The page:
“I got nothing to hide, so why should I care?”
India has indulged in its quintessential cheap tactics. The coverage of the Pakistan Super League (PSL) has been blocked. T-series has taken down Pakistani songs, which Indians used to be very fond of; now it wouldn’t be shocking if they jailed people for singing Atif Aslam’s songs. India has suspended a bus service between Muzaffarabad and Srinagar. The Cricket Club of India has also removed Imran Khan’s portrait. I wonder if tomorrow they’ll be deporting Dilip Kumar, Shah Rukh Khan and the entire Kapoor family to Peshawar?
Modi knows he cannot attack Pakistan because heavy snow blankets the mountains of Kashmir and this, along with the disputed border, makes an attack logistically impossible. More importantly, Modi knows that attacking Pakistan would mean embarking on a path which leads to the guaranteed destruction of India as well, because both nations are nuclear powers and slight skirmishes can potentially trigger a nuclear war, which would mean mutually assured destruction (MAD).
Modi only wants to put up a little fight to make Pakistan the number one issue in the upcoming elections, as well as prove his anti-Pakistan credentials by stating that the Indian security forces have been given full freedom to respond, making statements such as:
“We will give a befitting reply; our neighbour will not be allowed to destabilise us.”
However, Modi is playing with fire, because the saffron-scarf wearing loyalists of Modi’s Hindu nationalist party make only one demand as they pump their fists in the air: “Attack Pakistan! Crush it!”
American withdrawal from Afghanistan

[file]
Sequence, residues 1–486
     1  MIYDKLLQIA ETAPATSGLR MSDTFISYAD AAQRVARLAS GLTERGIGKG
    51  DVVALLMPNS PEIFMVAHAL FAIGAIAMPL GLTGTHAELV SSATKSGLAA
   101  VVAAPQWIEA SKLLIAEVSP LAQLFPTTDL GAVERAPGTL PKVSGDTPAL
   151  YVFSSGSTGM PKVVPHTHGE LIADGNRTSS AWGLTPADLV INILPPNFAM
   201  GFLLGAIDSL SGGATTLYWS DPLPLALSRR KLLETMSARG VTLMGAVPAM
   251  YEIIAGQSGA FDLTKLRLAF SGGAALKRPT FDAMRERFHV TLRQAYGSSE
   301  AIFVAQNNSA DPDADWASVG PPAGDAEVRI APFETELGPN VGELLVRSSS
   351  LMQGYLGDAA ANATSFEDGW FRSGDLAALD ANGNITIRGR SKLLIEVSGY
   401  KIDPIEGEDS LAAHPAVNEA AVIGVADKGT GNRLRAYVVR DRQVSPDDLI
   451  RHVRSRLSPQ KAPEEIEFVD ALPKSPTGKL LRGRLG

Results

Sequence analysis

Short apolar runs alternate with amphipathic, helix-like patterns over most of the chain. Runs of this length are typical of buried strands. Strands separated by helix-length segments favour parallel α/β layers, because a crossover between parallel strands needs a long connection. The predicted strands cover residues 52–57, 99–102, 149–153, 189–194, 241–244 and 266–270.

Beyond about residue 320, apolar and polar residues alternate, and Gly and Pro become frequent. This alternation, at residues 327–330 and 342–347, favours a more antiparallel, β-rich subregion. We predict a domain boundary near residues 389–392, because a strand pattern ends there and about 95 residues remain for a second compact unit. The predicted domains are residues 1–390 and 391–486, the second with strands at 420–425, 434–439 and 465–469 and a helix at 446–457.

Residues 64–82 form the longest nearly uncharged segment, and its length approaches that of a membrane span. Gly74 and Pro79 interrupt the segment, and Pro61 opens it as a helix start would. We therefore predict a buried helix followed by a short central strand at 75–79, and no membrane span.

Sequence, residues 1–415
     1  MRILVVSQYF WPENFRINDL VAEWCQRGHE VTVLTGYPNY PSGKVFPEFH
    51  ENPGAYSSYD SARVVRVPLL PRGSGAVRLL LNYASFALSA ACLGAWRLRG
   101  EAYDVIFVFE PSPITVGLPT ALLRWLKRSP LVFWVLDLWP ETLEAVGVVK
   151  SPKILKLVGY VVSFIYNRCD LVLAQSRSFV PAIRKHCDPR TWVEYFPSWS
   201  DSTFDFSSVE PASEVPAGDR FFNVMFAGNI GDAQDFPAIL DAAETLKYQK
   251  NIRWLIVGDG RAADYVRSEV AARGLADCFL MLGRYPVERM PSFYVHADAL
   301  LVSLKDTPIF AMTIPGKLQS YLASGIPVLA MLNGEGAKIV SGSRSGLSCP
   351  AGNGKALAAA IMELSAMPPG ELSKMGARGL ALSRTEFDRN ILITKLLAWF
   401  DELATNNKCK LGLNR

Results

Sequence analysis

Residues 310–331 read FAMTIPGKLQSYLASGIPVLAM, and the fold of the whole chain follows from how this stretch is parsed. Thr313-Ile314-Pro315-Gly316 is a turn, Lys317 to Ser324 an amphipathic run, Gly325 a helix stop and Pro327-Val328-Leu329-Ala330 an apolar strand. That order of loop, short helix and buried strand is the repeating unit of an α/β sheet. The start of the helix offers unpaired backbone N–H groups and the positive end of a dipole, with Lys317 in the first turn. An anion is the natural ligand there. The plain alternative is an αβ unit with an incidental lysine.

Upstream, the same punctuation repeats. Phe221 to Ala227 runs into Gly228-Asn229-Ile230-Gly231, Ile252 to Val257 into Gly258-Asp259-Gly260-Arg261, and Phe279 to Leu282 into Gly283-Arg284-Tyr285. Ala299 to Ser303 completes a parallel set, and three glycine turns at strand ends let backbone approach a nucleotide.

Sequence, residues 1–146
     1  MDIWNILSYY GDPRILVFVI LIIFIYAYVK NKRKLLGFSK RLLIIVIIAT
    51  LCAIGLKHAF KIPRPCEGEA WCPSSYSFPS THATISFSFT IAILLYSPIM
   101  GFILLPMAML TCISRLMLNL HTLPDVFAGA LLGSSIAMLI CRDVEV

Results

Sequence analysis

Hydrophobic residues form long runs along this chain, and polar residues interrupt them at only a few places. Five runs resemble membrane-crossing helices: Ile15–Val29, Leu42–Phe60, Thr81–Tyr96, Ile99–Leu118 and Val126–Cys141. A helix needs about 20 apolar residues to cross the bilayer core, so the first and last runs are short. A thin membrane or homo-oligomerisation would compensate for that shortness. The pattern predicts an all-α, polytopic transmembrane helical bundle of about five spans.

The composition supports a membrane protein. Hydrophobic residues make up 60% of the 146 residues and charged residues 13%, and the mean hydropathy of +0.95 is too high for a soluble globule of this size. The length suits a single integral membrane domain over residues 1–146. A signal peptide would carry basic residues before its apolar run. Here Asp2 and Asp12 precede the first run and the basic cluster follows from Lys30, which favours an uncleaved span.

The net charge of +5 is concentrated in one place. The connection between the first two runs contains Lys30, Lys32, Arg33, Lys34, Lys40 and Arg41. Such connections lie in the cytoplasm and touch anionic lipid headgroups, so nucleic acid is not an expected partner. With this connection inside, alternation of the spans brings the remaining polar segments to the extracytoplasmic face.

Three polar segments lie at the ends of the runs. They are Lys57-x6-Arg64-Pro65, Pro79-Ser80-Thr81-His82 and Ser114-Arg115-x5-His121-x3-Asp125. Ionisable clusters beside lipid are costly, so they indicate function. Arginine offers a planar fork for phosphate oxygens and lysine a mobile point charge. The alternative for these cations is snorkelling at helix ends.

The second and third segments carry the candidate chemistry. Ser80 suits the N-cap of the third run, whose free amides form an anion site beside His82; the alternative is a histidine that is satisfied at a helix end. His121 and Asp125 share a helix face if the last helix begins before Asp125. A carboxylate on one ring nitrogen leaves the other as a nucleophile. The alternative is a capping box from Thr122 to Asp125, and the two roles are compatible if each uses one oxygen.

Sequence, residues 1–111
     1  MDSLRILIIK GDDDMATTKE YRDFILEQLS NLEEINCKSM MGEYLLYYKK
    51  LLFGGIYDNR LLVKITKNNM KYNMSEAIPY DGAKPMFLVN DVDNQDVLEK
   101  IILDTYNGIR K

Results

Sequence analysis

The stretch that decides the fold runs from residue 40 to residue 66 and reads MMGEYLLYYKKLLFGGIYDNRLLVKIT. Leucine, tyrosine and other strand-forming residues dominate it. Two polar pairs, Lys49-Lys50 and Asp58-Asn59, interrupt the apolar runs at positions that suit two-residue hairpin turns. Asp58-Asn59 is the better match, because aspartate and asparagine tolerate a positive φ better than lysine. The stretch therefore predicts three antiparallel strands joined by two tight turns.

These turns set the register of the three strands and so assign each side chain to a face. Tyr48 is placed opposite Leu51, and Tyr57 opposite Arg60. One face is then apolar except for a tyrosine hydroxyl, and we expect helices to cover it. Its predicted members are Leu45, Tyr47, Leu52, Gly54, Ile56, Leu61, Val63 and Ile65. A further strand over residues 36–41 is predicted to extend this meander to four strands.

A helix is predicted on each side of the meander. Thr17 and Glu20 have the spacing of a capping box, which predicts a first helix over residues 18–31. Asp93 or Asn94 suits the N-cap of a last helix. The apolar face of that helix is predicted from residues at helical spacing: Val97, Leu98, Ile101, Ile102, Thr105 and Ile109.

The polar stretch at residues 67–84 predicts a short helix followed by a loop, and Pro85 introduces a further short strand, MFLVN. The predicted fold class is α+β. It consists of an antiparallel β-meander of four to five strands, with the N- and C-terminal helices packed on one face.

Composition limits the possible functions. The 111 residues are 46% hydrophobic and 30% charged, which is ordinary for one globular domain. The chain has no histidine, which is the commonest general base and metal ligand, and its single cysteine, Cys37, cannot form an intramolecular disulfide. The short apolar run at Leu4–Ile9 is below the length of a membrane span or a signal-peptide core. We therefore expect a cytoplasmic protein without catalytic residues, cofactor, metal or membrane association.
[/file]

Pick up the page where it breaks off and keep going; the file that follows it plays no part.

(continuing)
The United States and Pakistan have a shared interest now that the former is exiting Afghanistan. Marathon talks and negotiations have been underway, with Zalmay Khalilzad at the centre of it all. India is strongly opposed to American withdrawal from Afghanistan because that eventuality guarantees the rise of the Taliban as the powerful party ruling over Afghanistan, which means the demise of Indian interests there. Those interests primarily are to manage subversive activities inside Pakistan and to deny Pakistan the ‘strategic depth’ it needs in the event of an Indian attack from its eastern border.
The American leadership is engaged with Pakistan to find a face-saving negotiated settlement in Afghanistan, and Pakistan is on top of it. A slight hint of Pakistan’s utility for Washington makes New Delhi sleepless. This attack in Pulwama resurrects the ‘bad Pakistan’ and ‘terror sympathiser Pakistan’ rhetoric back into the mainstream media. The Pulwama attack has killed over 40 Central Reserve Police Force (CRPF), but it is aimed at achieving much more for New Delhi.
Connecting these dots is all it takes to fathom what really happened here, for what purpose, and what lies at stake. What India needs to do is shed its cunningness and focus on the whack-a-mole strategy it has employed in Indian-occupied Kashmir (IoK), a gruesome example of which is the use of pellet guns.
Ultimately, it is India’s brutal actions in IoK that create people such as Aadil Ahmad Dar who willingly give their lives to attack the monster they see in India. Instead of taking comfort in raising the accusing finger at Pakistan, India should look inward for a change.